In this excerpt, Antone Minthorn (Umatilla) talks about having respect for the land and the benefits of everyone having a better understanding of that.
Bio: Antone Minthorn has served for more than twenty years with the Confederated Tribes of the Umatilla Indian Reservation (CTUIR) in various roles, from chief planner to chair of the board of trustees. He is a founding board member of Confluence.
I have a respect for the land. That this is your home, forever, this is what’s going to take care of you. This five hundred and twelve thousand acres is your home, it’s your economy. It’s where are all water and fish and the drinking and the housing and the trees and the roots and berries and fruit — it’s all in there for you to make a living. And that will require a lot of travel to make that happen. And that’s what they do. That’s a nation. That’s a people. But when an invasion comes in that disrupts all that and that somebody else takes over, but there’s still fighting going on in the end. And then we get to where we’re at today. We fought all these wars, Indian wars, wars in Europe and Korea and the tribes are up there fighting the same war for freedom, for respect.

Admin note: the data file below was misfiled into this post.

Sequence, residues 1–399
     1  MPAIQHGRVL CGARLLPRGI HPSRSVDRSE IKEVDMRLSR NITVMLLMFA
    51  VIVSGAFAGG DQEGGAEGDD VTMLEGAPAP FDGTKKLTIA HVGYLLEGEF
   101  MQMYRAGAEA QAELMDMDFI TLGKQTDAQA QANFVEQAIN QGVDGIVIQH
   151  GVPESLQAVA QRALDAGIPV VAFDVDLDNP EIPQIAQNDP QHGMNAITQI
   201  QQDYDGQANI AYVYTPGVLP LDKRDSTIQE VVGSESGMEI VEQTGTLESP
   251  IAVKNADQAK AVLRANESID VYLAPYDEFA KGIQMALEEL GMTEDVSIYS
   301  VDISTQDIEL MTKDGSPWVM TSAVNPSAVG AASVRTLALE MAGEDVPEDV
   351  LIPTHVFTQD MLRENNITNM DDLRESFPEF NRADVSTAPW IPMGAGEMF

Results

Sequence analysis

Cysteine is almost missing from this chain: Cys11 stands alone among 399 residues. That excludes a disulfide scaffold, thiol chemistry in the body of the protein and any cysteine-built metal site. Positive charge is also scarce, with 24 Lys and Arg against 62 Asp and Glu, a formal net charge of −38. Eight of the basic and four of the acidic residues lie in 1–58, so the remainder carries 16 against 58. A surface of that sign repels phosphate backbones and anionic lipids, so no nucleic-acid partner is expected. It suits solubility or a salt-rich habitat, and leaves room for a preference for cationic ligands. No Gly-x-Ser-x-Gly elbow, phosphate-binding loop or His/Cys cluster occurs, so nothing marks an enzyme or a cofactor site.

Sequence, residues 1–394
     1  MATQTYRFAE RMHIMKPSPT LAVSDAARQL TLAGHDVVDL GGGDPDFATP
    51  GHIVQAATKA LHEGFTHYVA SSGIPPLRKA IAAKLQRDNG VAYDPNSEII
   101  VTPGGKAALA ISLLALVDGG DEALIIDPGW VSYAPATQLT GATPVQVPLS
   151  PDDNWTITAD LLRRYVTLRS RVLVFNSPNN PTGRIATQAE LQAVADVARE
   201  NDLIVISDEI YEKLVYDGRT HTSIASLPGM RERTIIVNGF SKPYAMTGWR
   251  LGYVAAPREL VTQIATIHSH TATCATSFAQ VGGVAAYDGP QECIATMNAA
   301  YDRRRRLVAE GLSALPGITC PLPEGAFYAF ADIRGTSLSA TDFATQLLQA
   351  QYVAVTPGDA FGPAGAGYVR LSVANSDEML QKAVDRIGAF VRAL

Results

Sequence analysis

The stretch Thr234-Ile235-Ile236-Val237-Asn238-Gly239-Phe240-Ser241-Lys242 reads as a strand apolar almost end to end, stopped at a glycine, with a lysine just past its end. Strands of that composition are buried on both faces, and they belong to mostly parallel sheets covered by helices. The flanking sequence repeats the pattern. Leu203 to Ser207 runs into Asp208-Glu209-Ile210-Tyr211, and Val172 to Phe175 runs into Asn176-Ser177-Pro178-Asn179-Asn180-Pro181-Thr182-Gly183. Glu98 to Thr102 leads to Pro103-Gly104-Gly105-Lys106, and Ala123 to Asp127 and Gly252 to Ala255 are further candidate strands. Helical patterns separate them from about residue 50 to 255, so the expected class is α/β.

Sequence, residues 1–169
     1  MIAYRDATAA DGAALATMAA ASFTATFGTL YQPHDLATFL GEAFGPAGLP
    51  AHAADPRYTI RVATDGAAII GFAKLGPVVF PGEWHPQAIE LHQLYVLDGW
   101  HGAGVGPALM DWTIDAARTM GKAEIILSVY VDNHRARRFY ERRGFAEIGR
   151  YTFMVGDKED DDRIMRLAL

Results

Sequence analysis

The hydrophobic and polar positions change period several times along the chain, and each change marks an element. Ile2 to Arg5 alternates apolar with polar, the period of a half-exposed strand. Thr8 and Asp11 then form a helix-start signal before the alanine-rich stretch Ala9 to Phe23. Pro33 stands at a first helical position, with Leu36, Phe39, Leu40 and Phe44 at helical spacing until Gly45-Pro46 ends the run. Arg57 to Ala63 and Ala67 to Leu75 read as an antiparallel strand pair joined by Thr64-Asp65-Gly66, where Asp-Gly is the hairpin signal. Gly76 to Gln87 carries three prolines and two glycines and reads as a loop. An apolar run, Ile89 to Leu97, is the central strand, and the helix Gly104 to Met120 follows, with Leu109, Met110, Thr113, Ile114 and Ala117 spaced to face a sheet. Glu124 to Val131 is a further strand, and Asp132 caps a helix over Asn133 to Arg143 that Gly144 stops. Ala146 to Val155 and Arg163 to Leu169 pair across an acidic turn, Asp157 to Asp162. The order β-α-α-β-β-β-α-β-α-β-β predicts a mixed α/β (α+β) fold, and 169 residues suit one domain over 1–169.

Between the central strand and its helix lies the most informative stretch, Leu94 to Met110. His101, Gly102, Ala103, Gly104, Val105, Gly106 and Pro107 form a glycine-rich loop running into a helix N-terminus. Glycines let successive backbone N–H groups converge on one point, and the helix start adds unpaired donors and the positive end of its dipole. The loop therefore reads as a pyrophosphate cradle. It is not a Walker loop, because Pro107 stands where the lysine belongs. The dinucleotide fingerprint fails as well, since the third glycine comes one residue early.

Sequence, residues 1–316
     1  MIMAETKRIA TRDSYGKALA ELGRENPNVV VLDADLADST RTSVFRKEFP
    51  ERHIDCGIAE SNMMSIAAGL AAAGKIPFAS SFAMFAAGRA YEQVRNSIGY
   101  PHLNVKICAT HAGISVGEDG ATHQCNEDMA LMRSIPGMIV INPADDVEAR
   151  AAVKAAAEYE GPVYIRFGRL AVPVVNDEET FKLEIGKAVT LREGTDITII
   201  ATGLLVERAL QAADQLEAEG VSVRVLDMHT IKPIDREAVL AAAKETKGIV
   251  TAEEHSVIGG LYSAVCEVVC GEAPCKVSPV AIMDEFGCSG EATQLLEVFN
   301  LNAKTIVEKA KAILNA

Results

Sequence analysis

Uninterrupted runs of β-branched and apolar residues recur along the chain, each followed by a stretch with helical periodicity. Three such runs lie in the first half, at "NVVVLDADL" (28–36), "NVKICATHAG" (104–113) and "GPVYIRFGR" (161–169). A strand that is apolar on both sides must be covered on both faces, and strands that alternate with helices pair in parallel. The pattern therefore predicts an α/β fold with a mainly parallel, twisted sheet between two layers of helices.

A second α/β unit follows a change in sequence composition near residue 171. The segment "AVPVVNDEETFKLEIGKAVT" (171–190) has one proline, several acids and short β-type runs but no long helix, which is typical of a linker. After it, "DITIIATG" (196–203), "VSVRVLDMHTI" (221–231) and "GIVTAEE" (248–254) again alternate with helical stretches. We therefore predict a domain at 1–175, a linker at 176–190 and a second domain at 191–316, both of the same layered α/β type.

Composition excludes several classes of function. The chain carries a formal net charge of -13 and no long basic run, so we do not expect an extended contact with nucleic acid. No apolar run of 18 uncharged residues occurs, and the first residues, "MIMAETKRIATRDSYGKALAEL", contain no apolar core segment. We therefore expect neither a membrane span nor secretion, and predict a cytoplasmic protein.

And then come home in the same way with other soldiers that have been out there fighting for this land, for this freedom so that they can have a place to live. And then being able to do that.
But a better understanding of who we are. A better understanding of who the natives are here and what their rights are here and respecting that, learning that, and respecting it. That’s why I said I think the teachers are so important. They’re the education part of it. And it’s these little guys that are growing up that are going to understand that, because that’s their education, that’s where they come from. And then there’s our walking that talk.